Just in time for the World Cup, Fulham manager Roy Hodgson showed England how to lose with dignity. That’s important because with history as the guide England will flatter to deceive in making the knockout stages, only to be humiliated in a penalty kick shootout.

With the World Cup in South Africa looming and England’s predictable fall into an abyss of self-pity and wallowing in perceived injustice, I want to thank Hodgson for showing a better way. He handled defeat to Atletico Madrid in the Europa League final with poise and grace.

I’m not sure if Fulham’s defeat is harder on fans or the actual participants, but Hodgson has a grounded perspective: “I could not be more proud of the players. I have to say that no squad has ever surpassed this team in their work ethic and determination.”

Hodgson’s attitude helps as I prepare myself for the potential disappointment of seeing England players trudge off the field in tears after another heartbreaking World Cup loss, this time at Soccer City, Johannesburg. I will try to follow Hodgson’s example and keep a sports game in perspective, but if I’m less magnanimous should England again succumb to nerves there’s always nefarious delight in seeing other soccer powerhouses go down.

For sure, lady luck will need to smile brightly on the Three Lions if they are to win the World Cup — just look at their squad. Manager Fabio Capello recalled Jamie Carragher, who had an average season at Liverpool; Owen Hargreaves, who played a grand total of 2 minutes all season, was seriously considered; and Ledley King, who’s a fine defender but plagued with injuries when things get hectic, is in the squad.

Compare that to Argentina who don’t even have room for Inter Milan stars Cambiaso and Zanetti and you see that England fans might have to invoke Hodgson’s serenity during the month-long tournament. Brazil will leave Ronaldinho and Pato at home; France go without Arsenal’s Nasri and Real Madrid’s Benzema, Totti won’t be donning the Azuri blue in South Africa, yet England have an injured Gareth Barry in their provisional squad.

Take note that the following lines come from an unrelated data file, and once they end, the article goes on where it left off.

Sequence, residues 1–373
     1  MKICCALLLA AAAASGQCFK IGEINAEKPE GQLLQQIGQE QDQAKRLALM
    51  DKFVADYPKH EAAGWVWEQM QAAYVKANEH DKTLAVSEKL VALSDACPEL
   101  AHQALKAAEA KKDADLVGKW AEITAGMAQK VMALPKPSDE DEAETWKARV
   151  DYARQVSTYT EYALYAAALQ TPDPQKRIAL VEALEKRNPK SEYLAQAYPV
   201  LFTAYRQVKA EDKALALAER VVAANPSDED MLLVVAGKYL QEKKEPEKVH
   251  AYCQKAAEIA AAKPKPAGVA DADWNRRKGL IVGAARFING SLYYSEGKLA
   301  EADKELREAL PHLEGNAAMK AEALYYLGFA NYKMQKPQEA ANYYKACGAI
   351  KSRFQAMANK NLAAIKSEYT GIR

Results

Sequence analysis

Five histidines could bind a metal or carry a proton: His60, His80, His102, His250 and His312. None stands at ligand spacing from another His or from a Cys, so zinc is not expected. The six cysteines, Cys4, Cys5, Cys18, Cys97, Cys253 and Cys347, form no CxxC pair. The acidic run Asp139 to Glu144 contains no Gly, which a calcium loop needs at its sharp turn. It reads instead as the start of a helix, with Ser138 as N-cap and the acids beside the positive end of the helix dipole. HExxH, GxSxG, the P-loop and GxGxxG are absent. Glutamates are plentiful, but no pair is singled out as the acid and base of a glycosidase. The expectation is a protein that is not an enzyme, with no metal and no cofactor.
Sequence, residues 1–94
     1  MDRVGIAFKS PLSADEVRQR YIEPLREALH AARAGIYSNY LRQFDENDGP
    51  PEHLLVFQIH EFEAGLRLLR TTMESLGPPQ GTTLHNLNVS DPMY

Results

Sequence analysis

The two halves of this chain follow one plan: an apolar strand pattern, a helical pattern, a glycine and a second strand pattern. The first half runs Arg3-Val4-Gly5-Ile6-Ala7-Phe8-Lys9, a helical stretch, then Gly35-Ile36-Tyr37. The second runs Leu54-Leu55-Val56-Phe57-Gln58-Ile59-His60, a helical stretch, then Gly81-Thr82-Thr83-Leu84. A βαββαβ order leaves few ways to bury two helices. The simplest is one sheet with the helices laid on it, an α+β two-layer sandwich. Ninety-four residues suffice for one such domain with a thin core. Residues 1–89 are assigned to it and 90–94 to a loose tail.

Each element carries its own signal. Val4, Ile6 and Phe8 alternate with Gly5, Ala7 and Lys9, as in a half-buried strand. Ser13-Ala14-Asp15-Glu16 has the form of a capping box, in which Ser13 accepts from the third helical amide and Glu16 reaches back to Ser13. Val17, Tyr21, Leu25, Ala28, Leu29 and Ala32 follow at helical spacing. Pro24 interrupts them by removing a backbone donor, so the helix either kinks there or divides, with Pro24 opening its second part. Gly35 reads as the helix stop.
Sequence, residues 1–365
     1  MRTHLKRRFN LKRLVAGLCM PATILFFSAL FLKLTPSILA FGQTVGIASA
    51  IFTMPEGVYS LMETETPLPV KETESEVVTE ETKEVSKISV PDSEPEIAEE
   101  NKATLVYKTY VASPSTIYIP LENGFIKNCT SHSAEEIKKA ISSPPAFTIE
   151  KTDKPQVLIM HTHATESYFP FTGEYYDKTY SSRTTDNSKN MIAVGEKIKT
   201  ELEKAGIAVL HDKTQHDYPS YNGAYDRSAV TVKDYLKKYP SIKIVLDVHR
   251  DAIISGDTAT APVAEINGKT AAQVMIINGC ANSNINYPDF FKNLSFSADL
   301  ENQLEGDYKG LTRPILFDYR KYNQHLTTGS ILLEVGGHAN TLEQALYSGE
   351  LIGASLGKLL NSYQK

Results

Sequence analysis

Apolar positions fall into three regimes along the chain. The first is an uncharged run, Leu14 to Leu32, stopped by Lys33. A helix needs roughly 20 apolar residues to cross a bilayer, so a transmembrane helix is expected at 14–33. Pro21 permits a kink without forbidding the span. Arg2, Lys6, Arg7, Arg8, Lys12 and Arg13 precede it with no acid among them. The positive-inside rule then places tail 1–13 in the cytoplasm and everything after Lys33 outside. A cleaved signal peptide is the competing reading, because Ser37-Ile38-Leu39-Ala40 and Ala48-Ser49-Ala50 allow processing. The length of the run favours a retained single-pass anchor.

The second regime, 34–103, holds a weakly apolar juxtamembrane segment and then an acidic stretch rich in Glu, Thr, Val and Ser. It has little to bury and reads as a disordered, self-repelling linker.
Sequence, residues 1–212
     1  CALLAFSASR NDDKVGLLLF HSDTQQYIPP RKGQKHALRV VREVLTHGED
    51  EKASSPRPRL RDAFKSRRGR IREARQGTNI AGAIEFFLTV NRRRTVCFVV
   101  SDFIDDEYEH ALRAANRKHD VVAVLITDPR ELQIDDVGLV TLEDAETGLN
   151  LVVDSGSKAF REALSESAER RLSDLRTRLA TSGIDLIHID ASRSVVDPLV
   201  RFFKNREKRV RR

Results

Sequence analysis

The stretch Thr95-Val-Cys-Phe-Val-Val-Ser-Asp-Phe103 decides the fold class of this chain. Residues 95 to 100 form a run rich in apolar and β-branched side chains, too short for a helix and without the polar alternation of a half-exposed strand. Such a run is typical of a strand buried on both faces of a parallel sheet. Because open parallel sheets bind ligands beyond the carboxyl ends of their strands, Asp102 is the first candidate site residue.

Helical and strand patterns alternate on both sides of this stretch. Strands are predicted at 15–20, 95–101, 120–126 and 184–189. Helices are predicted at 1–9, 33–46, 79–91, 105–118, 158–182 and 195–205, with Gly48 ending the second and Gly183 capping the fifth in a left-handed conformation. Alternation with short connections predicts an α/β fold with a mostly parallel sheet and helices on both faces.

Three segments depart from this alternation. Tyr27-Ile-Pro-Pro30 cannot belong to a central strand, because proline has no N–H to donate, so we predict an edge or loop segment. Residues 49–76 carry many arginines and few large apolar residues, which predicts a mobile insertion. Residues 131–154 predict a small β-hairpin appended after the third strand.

Be wary England fans: Unlike a few teams with true world-class talent from top to bottom, we’ll need an abundance of luck to lift the trophy. In case it’s in short supply, I want to thank Roy Hodgson for showing the way to dignified defeat.

When a modest, overachieving team like Fulham comes so unexpectedly close to winning a major trophy like the Europa league, there is more thrill than agony in defeat. Indeed, history is generally kinder to teams that suffer glorious defeat than teams who display dastardly antics in pyrrhic victories. Karma has a way of catching up to you, just look at Maradona’s travails over the last decade. Great player though he was, outside Argentina his name is often associated with cheating.

Fulham’s fans were brilliant at the Europa league final, but I dispute some of their banners, like: “Hodgson for Prime Minister.” He’s too sincere, too nice a person to be a politician. When the history books are written, when we can just enjoy the spectacle of soccer played with valor, Hodgson and his Fulham team will be true winners.

In a post-game interview, Hodgson said “Everyone watching on the TV and here in Hamburg will realize we gave everything we had… I think the fans will realize we’ve done the very best we can.” I do realize that, Mr. Hodgson! And if England players do the very best they can, that will overcome my sorrow when we are defeated not by lady luck, but by a better team at the 18th World Cup next month.